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brokering peace with israeli troops still on the border this morning. leaders from israel and hamas sit down to negotiate phase two of the latest cease fire. we'll bring you live to the region. plus, fiscal cliff diving. the countdown to the new year is counting down to economic disaster. what will it take to reach a compromise and pull the country back from the edge before january 1st. the holiday season kicking into gear. we'll take you all around the country. meantime, relative calm between israel and gaza following the cease fire did not last very long. today a clash at the poirder left one palestinian dead and 15 wounded. as usual, we are hearing two different versions of this cease fire version. we have two reporters there.
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aman, i'll begin with you. what are they saying about the glash at the gaza border today? >> they're saying that the palestinians, 300 of them approached the israel/gaza border on the palestinian side of it. they went there to access their farm land. that area is considered mostly essentially farm land for those families. a lot of people earn their livelihoods from there. they were going there to protest and demand that they have the right to go as far up to the border as possible. the reason why is because over the years israel has imposed a no go area limiting or prohibiting how close they can get up to that in a sense of 300 meters. it was at that border fence that they came under fire. as you mentioned, one palestinian was killed and several others wounded. now palestinian factions here have called that a violation of the cease fire on wednesday.
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they say they will complain to egypt. they will not take any further action. they are citing this as an example of how israel is not to be trusted to uphold the truth. >> that is one side. i'm going to bring you in, martin. what is the israeli military saying about the situation? >> reporter: well, the prime minister's office is saying they're examining what happened. the military says that there was about 300 palestinians approached the fence and that they we they were shouting slogans. one was shot. there were several locations along the length of the fence. they haven't said -- israelis have not yet said officially what they believe happened. they said they're investigating. the issue, of course, is that that no go area which was declared a no go area by israel several years ago specifically because there were so many incidents like this, they wanted to prevent be occasions where the palestinians approached the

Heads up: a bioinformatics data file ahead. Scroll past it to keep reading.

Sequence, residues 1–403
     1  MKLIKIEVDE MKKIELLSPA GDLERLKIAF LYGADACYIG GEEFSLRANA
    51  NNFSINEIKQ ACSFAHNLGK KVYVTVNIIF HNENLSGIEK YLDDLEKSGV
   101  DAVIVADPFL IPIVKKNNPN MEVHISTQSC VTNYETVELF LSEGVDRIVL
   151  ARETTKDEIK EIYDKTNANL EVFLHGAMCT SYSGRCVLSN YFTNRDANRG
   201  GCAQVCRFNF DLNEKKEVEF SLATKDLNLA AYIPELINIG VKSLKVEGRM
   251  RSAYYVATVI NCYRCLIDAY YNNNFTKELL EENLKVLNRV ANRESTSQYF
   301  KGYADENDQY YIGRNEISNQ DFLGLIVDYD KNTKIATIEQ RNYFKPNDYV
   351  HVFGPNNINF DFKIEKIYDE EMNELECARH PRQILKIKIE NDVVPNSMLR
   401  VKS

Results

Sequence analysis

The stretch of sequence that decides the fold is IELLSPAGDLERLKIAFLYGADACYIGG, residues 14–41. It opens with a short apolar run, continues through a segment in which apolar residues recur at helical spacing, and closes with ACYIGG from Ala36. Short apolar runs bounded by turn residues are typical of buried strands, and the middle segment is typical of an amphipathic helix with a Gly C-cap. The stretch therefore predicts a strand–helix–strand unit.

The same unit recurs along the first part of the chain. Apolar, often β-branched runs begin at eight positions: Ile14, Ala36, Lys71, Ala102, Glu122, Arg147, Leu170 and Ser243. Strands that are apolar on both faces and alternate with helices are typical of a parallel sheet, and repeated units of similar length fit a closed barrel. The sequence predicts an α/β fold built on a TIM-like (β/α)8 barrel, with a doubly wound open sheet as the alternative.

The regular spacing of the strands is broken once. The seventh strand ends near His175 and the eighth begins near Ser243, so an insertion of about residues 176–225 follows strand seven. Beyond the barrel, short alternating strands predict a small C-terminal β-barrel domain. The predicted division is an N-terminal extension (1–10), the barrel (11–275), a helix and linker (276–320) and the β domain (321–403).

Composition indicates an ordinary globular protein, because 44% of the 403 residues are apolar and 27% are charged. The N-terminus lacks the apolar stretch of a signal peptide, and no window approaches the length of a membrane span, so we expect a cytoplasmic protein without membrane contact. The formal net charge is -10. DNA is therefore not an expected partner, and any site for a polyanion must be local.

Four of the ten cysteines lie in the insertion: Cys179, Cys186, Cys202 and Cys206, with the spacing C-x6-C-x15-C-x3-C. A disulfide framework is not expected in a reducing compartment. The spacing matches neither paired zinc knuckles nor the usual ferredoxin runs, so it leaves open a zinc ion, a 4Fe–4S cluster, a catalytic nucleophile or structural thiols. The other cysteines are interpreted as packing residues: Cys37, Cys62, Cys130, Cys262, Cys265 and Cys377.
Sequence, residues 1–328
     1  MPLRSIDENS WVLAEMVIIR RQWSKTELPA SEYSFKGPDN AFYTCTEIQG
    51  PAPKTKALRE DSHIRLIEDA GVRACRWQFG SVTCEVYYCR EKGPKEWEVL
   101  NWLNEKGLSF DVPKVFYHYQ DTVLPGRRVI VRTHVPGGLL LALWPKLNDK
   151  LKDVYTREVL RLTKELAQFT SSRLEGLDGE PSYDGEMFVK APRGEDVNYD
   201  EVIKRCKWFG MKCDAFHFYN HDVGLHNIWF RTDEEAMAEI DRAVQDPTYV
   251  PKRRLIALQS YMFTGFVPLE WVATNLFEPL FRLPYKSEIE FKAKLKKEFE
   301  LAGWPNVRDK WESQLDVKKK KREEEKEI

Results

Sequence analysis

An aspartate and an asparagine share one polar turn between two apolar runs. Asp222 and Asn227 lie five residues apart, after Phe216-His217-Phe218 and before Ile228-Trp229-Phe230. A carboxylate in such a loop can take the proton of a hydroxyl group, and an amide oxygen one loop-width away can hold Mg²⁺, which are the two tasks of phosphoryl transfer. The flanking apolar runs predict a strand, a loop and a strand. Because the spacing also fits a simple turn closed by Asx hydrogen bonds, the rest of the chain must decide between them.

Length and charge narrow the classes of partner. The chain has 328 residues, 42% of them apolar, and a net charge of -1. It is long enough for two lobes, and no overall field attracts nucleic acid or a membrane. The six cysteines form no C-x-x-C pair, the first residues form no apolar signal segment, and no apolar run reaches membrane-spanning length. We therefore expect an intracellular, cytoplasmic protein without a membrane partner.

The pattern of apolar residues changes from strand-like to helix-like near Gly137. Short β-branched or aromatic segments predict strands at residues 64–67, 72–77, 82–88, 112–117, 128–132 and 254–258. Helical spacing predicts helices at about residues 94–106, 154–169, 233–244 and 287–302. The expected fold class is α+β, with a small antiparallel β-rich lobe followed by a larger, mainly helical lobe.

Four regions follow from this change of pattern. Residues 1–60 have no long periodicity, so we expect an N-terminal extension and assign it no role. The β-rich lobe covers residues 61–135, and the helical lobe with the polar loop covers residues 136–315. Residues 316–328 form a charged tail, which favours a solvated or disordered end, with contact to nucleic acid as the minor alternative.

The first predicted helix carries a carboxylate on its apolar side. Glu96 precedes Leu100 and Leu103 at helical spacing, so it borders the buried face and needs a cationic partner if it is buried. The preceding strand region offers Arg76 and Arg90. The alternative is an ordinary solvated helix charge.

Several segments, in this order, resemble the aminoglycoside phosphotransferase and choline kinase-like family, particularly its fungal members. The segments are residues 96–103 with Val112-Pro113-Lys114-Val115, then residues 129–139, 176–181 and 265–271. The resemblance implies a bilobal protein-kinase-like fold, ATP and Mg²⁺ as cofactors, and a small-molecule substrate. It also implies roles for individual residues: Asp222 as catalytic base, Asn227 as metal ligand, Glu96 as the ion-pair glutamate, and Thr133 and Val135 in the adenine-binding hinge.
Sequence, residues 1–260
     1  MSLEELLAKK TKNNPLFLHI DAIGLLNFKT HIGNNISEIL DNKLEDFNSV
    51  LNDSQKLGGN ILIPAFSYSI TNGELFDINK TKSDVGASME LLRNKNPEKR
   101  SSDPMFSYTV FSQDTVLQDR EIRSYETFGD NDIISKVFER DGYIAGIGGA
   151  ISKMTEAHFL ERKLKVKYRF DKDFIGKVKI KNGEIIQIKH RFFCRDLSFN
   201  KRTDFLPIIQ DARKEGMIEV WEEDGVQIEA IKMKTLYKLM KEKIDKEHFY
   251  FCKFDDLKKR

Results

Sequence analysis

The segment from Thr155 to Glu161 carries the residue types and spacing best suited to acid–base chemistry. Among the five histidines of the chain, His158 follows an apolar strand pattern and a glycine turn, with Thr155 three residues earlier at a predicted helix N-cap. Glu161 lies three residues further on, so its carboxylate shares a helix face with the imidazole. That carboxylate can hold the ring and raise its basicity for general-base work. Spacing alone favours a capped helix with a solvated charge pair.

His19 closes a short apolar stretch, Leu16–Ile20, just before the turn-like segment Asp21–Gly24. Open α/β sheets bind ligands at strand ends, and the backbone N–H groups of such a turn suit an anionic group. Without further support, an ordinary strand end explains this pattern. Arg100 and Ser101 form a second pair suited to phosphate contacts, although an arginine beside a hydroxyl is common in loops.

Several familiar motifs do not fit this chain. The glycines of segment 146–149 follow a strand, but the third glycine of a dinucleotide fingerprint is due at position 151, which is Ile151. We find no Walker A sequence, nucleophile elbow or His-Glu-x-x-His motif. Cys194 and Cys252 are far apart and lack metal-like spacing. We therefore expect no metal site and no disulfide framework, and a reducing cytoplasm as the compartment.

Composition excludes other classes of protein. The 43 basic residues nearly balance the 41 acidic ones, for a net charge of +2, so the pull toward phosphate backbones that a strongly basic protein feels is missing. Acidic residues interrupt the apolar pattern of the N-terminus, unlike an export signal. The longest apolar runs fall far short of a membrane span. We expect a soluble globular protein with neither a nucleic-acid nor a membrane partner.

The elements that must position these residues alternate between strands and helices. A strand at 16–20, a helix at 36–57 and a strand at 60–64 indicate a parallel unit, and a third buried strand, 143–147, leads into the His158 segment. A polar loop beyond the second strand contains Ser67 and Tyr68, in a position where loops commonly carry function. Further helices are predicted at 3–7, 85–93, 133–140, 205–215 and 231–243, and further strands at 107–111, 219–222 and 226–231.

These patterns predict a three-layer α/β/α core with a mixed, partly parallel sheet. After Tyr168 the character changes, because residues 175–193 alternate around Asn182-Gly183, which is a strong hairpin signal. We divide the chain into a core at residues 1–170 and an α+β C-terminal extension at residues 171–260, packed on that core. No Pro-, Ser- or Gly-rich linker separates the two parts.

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fence where terrorists were laying land mines along the fence, also shooting israeli's across the border. they were trying keep the 300 yard no go area. it is palestinian land. because of the volatility of the situation right now it's a very difficult period where both sides are very concerned about maintaining the cease fire. israel is not saying it's a cease fire violation. >> do you hear anything in gaza that pal legs stinians are planning to retaliate against israel? >> reporter: no, none whatsoever. they say they're committed to this truce. they don't want the situation to escalate. there has been some criticism as to why the local police allowed the people to get close to the area knowing that that no go area has been in place. i think the misunderstanding,